Posted: Thursday, March 9, 2017. 4:17 pm CST.
Under the new terms, the interest rate will remain fixed through to the start of the amortization schedule at 4.9375 percent, retroactive to the last coupon payment which was scheduled for February 20. The interest rate, which was previously set a 5 percent, was scheduled to step up to over 6 percent in August of this year and would have put an even greater burden on GOB coffers.
The amortization schedule, which under the previous terms would have started in 2019, has been pushed back to 2030. GOB will now make five equal annual payments starting February 20, 2030 and ending in 2034. The new amortization schedule frees up cash-flow for government in the meantime but GOB has also agreed to meet fiscal targets.
The new terms call for GOB to meet a primary surplus of at least 2 percent of GDP for each of the next three fiscal cycles starting 2018/2019. If Belize fails to meet that primary surplus in any of the agreed years, Belize will make quarterly interest payments rather than the currently agreed semi-annual payments scheduled. Also, if Belize fails to meets its 2 percent GDP growth target, Belize must seek assistance from the International Monetary Fund (IMF) to determine its deficiencies and seek recommendations to meet the target.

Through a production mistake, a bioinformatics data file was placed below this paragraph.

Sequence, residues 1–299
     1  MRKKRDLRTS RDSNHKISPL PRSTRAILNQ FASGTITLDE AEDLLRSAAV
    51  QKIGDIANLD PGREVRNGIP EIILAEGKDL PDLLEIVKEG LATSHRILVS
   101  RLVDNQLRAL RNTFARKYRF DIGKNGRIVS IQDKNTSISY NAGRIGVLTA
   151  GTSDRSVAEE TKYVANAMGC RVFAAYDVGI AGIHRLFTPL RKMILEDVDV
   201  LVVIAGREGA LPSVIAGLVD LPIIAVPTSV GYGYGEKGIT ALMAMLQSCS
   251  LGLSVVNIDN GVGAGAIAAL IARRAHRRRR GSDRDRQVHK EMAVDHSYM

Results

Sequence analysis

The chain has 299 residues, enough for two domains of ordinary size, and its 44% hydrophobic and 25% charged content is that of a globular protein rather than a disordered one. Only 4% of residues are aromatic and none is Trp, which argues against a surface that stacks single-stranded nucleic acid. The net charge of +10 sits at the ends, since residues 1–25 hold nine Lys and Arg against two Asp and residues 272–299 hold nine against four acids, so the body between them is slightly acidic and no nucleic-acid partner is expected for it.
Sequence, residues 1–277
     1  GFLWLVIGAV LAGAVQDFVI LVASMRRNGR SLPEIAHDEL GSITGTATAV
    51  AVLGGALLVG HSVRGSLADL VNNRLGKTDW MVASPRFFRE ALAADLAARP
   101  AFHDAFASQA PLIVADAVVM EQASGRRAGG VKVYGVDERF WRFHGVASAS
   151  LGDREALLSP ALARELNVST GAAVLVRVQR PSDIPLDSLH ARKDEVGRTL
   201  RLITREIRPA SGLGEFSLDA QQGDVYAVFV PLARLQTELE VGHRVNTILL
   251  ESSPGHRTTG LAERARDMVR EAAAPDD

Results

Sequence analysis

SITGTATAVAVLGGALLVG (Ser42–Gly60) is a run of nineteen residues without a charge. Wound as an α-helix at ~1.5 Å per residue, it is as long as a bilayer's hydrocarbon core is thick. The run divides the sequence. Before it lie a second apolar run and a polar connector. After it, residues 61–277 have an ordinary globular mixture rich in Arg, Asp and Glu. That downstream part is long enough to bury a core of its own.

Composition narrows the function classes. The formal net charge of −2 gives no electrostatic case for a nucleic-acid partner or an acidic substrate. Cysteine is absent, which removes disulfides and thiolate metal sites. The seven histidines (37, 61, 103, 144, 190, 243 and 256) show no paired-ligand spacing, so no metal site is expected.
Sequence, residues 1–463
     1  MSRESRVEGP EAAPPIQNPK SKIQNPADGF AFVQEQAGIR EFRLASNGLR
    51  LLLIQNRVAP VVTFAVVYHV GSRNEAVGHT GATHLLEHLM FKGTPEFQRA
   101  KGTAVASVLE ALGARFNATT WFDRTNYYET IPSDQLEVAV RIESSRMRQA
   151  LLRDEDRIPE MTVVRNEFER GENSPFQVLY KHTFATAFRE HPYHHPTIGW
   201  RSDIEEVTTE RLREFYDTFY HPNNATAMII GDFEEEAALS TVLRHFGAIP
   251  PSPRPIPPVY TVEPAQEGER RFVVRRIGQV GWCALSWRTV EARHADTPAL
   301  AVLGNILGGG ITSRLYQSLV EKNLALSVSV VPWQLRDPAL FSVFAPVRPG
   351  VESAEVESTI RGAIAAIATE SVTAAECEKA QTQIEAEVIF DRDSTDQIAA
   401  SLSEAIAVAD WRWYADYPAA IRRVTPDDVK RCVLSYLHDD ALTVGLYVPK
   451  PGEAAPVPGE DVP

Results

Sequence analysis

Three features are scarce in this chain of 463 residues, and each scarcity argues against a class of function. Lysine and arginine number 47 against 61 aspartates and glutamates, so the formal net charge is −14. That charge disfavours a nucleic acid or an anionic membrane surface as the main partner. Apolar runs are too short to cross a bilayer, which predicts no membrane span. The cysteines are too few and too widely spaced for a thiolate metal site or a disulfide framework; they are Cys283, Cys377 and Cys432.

Apart from the new terms, GOB has also undertaken to cover the expenses and fees for the Bondholders’ Committee and other agents involved in the negotiation including lawyers and advisors. Barrow estimates this payment will amount to around US $4 Million. Other estimates suggest it could total around US $5 Million after final tabulation.
Barrow thanked his team and assured public officers that there would be no retrenchment and said salaries and increments would not be affected. He acknowledged that GOB would need to make certain spending cuts and seek other means of revenue. Barrow did not directly mention anything about taxes but Financial Secretary Joseph Waight, in an interview with the media several weeks ago, admitted that there would likely be some tax adjustments.
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